31. The half-price-or-less comic book has been tried many times, by most of the major publishers. It remains a promotional gimmick, but has never been much in the way of a competing model. Problem #1 is that it puts the price lower than the cost of production — remember, the distribution and retail ends take about 5/8ths of the cover price, and even at $2.99, the printer gets most of what’s left. Priced below that, extra volume doesn’t really help, as some prices are fixed. (Sure, the cheap books spread the word about the title — which is why they’re used as promotional tools. But I expect the goal is for the comics to be profitable in and of themselves.)

    A trickier problem is that retailers have a financial disincentive for stocking books at the lower price, since the labor involved in ordering, processing, and handselling the books does not vary. Presented with the same package at two different price points, retailers (and not just in comics) have historically ordered more of the one that gets them the better payoffs — and that has usually been the more expensive one. It’s easier to make a dollar from one customer than thirty-three cents each from three. Doing it the other way might be smarter — but it incurs costs that may make the benefit wash out.

    The extremely low-priced printed comic book could still be done — I know people looking at models that are almost entirely ad supported — but the trick even then remains: making it a profitable book for retailers to stock. Which is why digital has tended to be the platform better suited for experimentation — fewer (or different) variables to consider.

  32. I understand Gabriel’s desire to snark, but I’ll echo everyone else. I was just in B&N and there are still some Marvel issues on the magazine racks (don’t know what month). Marvel’s decision to discontinue stocking newsstands a few months ago is still working its way through the retail chain. For what it’s worth, they’re absolutely correct to think digital comics are today what the newsstand was fifty years ago.

  33. “The half-price-or-less comic book has been tried many times, by most of the major publishers. It remains a promotional gimmick, but has never been much in the way of a competing model.”

    Monkeying around with the price of a comic is never going to work, anymore than slashing the price of a magazine would. I mean, there’s a reason why so many candy bars cost roughly the same.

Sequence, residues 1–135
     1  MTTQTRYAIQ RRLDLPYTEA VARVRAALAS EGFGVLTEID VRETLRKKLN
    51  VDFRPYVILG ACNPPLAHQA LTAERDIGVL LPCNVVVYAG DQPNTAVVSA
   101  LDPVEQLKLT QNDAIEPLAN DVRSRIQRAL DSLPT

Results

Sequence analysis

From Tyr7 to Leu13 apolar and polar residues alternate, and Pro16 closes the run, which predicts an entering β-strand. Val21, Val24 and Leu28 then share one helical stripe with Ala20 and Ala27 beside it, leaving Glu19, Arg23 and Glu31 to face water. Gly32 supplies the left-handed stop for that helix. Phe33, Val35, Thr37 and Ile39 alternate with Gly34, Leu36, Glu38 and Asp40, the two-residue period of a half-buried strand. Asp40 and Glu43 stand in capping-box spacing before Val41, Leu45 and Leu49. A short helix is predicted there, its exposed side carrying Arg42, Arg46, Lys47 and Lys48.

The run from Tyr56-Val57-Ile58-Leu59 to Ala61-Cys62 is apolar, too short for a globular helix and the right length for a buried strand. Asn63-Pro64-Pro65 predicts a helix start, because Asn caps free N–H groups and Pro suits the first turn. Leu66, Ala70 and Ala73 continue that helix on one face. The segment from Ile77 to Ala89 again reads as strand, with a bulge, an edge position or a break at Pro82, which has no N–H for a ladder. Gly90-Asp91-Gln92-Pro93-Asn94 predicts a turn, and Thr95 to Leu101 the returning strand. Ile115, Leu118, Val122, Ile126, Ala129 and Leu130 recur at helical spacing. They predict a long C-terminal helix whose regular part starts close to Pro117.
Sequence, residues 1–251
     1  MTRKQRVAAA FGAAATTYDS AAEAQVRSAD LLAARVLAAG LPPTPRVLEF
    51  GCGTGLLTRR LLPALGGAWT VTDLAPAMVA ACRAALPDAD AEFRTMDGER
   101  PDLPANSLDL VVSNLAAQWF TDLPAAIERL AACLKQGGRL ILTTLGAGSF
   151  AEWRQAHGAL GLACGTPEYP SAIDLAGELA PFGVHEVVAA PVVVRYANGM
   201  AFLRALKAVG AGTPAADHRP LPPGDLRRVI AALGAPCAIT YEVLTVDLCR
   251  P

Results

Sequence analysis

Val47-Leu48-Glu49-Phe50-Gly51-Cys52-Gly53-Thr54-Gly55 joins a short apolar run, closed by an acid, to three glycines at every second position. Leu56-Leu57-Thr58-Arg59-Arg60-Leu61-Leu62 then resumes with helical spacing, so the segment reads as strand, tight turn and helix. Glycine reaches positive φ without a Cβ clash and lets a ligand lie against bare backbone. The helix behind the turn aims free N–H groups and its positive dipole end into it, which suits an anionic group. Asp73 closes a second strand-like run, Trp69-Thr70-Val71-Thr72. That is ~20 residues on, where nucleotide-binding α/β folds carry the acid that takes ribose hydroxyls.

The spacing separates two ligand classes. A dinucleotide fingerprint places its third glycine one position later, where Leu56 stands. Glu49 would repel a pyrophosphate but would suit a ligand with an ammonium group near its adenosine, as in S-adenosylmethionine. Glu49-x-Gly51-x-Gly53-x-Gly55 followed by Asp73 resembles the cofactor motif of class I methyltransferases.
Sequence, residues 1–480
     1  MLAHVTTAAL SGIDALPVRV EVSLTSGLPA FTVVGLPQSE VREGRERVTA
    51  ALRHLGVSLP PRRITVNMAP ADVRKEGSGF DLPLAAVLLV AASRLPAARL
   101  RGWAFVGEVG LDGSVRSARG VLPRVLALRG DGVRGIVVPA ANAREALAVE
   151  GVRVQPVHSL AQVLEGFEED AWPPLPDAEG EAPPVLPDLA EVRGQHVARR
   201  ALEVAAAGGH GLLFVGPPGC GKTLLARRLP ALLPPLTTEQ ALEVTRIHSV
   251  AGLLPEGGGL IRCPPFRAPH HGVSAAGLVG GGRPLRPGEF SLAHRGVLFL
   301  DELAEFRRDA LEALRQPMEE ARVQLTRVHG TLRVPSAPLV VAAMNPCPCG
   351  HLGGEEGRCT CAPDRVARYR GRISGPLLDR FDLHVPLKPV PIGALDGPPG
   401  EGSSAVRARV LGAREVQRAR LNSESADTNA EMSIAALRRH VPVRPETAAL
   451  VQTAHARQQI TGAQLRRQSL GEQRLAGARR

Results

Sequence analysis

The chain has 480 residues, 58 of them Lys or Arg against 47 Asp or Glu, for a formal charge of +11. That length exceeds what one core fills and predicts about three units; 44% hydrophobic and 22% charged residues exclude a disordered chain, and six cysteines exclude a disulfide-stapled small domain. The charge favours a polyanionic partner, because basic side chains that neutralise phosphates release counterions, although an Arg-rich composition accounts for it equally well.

It may be moot with the intertubes now being the future of distribution but I’ve always wondered what would have happened if the Direct Market had not been born. Comics would have had to fight for newsstand/magazine rack space and, to me, that would have required them to move to a bigger, more-magaziny type format with multiple features, more ads and a higher price point. Like a hundred page mag with four 15 page stories, some other editorial content and then ads for 4 bucks a throw.


  34. @Zaragosa: You could claim that slashing prices could increase sales by a hundred-fold or a thousand-fold, but you — and anyone who keeps on dragging out the tired-horse argument that slashing prices will somehow miraculously expand sales to some ridiculous degree has NEVER offered concrete evidence that this would actually happen. If comics were a purely price-elastic item, then your silly fantasy might be conceivable, but sadly most things are not — you’re dealing in a complete economic fallacy. John Jackson Miller above provides an argument better than I could have ever put forth why slashing prices is a ploy that has a limited effect, at best.

  35. Mike, that’s an excellent question. What if there had been no Direct Market? Several things that happened suggest that the newsstand model was almost completely done for already by 1980: Gold Key and Harvey, the newsstand publishers that didn’t make the jump to the DM, were on their last legs. Only Archie of the mostly-newsstand-reliant publishers really hung in there, but a big part of that was because of its digest racking deal in grocery stores. (I don’t think digests like theirs would have been an answer for anyone else, though — I don’t know what Best of DC Digest’s sales were, but they were awfully hard to read!)